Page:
Innovation that Matters

We continue to innovate beyond V7.0 through the use of feature packs. Feature packs allow you to absorb innovative enhancements before the next version of the application server. Web 2.0 (through the Web 2.0 Feature Pack) support includes Web 2.0 to SOA connectivity, Ajax messaging and the Ajax development toolkit. Service Component Architecture - SCA (through the SCA Feature Pack) support includes service composition and service deployment/assembly that allow binding existing web, EJB, and native SCA services into a composite SOA application. Communication Enabled Applications - CEA (through the CEA Feature Pack) allows you to add access communication services without expertise in communication technologies - such as web widgets for Click to Call and Call Notifications. XML applications (through the XML Feature Pack Beta) that use XPath 2.0, XSLT 2.0, and XQuery 1.0 allow you to unleash the power of declarative XML data programming and improve the functionality/ease of use over XPath 1.0 and XSLT 1.0.

Want to try WebSphere Application Server V7.0 as a developer for free? If so, go here and download it today.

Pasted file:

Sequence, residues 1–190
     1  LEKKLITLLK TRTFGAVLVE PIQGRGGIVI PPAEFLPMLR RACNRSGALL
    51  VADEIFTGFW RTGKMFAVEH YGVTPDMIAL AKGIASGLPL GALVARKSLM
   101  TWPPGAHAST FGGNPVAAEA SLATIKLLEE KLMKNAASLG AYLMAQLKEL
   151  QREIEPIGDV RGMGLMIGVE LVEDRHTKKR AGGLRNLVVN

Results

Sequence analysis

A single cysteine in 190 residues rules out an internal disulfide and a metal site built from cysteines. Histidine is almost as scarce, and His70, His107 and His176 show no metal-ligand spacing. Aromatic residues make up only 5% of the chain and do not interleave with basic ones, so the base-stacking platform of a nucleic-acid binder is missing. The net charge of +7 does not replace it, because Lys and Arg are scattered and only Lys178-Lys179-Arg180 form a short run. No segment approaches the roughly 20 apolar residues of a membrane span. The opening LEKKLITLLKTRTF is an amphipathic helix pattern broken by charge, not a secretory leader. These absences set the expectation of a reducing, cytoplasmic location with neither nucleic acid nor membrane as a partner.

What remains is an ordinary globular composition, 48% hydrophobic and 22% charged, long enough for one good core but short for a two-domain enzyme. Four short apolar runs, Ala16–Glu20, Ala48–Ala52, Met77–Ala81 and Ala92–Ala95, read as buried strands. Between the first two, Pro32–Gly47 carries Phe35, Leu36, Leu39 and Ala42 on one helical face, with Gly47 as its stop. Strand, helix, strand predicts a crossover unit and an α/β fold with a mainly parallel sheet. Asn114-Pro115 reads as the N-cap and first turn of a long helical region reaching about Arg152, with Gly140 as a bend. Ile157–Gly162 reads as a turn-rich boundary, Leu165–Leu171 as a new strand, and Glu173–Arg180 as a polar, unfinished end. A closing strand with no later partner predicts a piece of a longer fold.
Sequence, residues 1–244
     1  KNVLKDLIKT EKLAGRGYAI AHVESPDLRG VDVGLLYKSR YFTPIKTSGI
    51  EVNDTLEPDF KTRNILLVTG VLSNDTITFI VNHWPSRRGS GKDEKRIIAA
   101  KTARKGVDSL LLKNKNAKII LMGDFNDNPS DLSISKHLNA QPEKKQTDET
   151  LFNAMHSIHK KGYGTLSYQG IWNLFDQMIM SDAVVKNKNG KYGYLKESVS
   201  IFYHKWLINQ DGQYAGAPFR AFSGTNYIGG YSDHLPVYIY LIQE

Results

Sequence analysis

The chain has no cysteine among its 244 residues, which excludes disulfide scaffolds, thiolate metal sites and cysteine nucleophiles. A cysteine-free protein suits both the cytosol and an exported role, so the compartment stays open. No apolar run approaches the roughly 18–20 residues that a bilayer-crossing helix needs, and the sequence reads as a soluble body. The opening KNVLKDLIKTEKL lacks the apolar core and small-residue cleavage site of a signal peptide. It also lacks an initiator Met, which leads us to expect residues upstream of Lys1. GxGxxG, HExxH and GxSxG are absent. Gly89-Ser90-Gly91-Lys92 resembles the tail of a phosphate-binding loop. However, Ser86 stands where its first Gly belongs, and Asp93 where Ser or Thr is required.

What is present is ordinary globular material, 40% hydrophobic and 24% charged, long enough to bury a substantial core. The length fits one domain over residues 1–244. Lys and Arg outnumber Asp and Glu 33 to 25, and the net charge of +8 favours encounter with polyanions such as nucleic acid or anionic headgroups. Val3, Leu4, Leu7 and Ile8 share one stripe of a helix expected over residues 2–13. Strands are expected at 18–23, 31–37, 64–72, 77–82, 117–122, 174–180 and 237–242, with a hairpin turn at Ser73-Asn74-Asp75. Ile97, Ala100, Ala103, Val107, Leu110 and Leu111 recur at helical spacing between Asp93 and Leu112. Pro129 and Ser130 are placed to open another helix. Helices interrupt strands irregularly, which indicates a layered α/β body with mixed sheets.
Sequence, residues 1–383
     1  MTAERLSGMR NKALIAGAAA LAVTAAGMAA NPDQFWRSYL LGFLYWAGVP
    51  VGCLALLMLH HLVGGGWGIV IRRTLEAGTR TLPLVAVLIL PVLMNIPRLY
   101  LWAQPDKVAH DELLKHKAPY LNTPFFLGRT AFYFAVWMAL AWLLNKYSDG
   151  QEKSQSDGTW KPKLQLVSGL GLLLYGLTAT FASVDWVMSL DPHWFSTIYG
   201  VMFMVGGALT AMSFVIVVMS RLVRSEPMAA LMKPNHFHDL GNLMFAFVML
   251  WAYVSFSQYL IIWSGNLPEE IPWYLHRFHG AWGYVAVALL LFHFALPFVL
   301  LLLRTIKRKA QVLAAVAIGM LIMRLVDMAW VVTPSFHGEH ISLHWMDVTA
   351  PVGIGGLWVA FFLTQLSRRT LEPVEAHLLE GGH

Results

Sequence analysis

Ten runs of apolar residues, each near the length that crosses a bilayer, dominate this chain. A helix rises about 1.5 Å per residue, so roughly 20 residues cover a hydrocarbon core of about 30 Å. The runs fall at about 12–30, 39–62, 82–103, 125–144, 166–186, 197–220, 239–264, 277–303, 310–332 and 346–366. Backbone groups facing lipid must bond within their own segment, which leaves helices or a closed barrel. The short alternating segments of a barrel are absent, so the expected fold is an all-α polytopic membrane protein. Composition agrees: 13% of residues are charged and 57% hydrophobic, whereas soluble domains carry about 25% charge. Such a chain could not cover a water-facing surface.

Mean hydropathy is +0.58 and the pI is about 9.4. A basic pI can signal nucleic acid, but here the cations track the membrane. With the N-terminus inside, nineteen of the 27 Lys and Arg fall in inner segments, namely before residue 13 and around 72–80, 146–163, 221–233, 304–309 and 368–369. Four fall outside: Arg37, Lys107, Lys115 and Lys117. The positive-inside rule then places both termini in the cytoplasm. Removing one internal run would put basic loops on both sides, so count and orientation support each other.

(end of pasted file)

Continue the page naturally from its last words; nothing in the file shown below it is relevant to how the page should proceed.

It's hard to cover such a large release in a short blog entry. I'm sure I missed some major features. If you spot one, let me know and I'll update this post.

Friday, October 16, 2009

SIP/Converged Apps and WebSphere eXtreme Scale Performance Papers

Last week we published two performance papers that talk about the great performance we have demonstrated on two interesting features of WebSphere.

First, the SIP and HTTP Converged Services Performance using the WebSphere Application Server paper talks about the performance of a sample web voice mail application. The paper talks about how we support not only the functionality required for such applications, but also performance that is measured to be "carrier grade". This paper is a very good example of how SIP and HTTP traffic can be handled in our converged web container to provide for communication enabled applications.